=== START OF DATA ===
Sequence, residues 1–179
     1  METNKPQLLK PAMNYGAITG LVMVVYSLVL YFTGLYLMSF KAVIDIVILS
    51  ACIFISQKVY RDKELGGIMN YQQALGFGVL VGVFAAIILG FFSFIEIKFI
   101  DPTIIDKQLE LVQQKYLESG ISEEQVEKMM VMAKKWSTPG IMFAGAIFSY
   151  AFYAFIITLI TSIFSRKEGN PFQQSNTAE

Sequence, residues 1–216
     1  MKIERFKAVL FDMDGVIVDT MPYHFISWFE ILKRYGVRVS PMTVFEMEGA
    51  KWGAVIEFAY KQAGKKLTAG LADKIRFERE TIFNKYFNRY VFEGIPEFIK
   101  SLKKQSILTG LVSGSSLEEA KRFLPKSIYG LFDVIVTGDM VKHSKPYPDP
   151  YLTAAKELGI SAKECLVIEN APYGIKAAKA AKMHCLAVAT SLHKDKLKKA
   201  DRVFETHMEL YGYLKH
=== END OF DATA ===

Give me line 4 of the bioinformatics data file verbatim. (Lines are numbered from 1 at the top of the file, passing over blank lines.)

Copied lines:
   101  DPTIIDKQLE LVQQKYLESG ISEEQVEKMM VMAKKWSTPG IMFAGAIFSY